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Friday, March 27, 2009

Huawei Tries to Crack U.S. Market (Wins Cox Contract, Is Finalist for Clearwire Deal)

Chinese telecommunications-equipment maker Huawei Technologies Co. Ltd. is making inroads in the U.S., a market it has previously had trouble cracking because of competition from Western rivals and national-security sensitivities.

The company has won a contract to supply the network infrastructure for Cox Communications Inc. plans to launch in some markets later this year.

Huawei is also in the final running for a potentially bigger wireless-network contract with Clearwire Corp. Clearwire is in the process of selecting vendors to build a wireless broadband network that would cover 120 million people by 2010, offering Internet speeds on a par with today's cable connections.
Clearwire raised $3.2 billion for the rollout last year from a consortium of tech companies including Google Inc. and Intel Corp. to build the network based on a fourth-generation technology called WiMax. If Huawei wins a Clearwire contract, wh
ich would include providing equipment that runs cell towers, it would likely be the company's largest U.S. deal. Other finalists for the Clearwire contract include Motorola Inc., Samsung Electronics Co., and Nokia Siemens Networks.

Besides the new Cox contract, which UBS analyst Nikos Theodosopoulos estimates at less than $100 million a year, the Shenzhen, China-based company's infrastructure business in the U.S. is limited to a deal with niche player Leap Wireless International Inc.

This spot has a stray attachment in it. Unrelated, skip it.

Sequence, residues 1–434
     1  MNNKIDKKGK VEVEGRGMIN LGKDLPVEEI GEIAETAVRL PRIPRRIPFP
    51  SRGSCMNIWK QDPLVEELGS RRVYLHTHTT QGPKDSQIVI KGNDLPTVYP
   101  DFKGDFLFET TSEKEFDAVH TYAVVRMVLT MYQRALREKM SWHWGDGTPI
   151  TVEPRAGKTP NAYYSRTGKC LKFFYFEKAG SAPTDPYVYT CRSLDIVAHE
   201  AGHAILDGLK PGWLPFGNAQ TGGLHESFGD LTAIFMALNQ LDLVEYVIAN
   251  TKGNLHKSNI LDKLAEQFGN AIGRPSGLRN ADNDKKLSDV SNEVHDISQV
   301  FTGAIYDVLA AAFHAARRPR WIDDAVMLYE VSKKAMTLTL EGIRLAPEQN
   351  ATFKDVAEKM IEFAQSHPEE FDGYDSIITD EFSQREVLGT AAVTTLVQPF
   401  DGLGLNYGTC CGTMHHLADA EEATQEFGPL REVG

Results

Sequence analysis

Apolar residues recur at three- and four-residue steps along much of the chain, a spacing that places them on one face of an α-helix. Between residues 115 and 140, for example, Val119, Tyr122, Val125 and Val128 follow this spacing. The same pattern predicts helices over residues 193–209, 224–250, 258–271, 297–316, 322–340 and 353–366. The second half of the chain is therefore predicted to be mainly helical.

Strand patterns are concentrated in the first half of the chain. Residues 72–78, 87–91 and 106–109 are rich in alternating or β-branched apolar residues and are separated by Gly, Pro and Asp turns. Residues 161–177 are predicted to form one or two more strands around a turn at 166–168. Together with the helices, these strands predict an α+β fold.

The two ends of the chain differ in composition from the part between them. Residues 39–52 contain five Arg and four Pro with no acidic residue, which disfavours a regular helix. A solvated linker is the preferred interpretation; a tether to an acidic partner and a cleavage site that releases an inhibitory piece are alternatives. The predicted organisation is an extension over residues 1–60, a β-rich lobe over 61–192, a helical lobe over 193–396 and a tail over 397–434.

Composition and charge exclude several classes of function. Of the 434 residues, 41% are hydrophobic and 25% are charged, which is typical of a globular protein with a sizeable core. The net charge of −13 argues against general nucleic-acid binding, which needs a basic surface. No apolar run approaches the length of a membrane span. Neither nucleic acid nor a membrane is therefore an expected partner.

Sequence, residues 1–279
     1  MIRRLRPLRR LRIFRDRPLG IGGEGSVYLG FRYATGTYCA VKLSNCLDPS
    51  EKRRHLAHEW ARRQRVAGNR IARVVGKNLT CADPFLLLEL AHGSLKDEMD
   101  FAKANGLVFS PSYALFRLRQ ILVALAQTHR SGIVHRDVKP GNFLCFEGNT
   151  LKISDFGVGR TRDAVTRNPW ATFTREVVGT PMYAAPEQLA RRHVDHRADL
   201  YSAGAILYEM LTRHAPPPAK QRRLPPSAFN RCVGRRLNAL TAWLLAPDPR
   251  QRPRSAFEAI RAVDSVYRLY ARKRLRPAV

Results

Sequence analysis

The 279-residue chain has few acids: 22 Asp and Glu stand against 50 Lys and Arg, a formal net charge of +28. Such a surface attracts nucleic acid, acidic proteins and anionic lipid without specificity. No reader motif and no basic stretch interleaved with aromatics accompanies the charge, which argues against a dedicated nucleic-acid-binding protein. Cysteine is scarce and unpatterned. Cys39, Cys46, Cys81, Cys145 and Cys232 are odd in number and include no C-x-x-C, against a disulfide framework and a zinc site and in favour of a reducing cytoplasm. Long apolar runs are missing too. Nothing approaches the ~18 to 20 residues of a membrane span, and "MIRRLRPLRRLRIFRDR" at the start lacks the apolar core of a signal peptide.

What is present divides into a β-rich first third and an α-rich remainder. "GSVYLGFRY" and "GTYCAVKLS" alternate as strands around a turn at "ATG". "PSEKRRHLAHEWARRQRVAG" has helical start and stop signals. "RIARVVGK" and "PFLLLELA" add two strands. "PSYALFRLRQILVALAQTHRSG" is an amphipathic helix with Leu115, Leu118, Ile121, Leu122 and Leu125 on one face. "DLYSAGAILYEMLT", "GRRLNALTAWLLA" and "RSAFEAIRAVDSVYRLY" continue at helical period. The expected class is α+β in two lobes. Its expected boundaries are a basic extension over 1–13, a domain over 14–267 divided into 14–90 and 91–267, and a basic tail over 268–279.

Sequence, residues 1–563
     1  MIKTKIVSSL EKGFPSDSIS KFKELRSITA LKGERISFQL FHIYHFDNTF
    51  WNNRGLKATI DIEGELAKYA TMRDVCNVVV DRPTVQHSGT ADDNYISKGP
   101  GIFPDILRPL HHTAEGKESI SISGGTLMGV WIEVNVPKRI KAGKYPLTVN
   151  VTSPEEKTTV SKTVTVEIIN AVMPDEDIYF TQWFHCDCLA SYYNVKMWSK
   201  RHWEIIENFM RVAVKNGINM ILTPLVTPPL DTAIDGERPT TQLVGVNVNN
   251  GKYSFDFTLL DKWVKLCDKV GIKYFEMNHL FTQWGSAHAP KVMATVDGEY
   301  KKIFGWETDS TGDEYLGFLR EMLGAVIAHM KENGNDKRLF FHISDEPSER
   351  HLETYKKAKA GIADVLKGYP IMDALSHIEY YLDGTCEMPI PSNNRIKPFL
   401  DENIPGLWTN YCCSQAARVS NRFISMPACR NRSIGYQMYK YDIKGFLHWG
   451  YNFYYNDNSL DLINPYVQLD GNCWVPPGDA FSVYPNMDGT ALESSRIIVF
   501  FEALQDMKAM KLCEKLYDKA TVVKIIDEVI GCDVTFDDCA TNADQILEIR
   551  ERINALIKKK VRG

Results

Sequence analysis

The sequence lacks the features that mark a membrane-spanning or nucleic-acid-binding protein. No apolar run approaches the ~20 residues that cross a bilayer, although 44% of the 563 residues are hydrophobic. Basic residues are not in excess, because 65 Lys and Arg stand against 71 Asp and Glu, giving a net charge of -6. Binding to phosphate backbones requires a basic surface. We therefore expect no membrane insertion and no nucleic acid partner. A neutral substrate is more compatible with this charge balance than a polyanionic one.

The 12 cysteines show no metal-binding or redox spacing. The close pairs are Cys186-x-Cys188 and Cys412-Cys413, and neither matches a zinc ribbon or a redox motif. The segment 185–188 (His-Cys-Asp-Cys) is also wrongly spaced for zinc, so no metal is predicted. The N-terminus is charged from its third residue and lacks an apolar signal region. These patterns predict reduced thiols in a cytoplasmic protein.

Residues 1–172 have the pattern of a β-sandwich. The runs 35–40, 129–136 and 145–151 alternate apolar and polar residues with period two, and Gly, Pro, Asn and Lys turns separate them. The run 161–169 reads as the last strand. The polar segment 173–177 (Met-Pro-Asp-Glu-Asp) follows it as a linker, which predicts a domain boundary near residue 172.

U.S. wireless carriers are expected to spend $19 billion on infrastructure this year, according to UBS, down 12% from last year but still a huge prize for equipment vendors.

Cracking into the U.S. has been difficult for Chinese manufacturers such as Huawei and rival ZTE Corp., because incumbents like Alcatel-Lucent, Motorola and Telefon AB L.M. Ericsson dominate the market.
Big challenges for the Chinese manufacturers are political and national-security concerns. Some companies fear they may lose U.S. government business if they pick Chinese vendors for their networks.

While ZTE emphasizes its status as a public company, Huawei is a private company founded by a former army officer.

Huawei was stymied in attempts last year to complete another U.S. deal -- the buyout of 3Com Corp. -- because of national-security concerns.
Fairly or unfairly, there is probably a prejudice against them especially if they want to buy companies to enter the U.S.," said Ping Zhao, telecom-equipment analyst at research firm CreditSights.

Huawei also has become a major vendor in Europe, where it has won numerous contracts with players such as Vodafone Group PLC and France Telecom SA's Orange. And Huawei has gained a foothold in Canada, where it is building third-generation networks for BCE Inc.'s Bell Canada and Telus Corp.

Copyright 2008 Dow Jones & Company, Inc. All Rights Reserved

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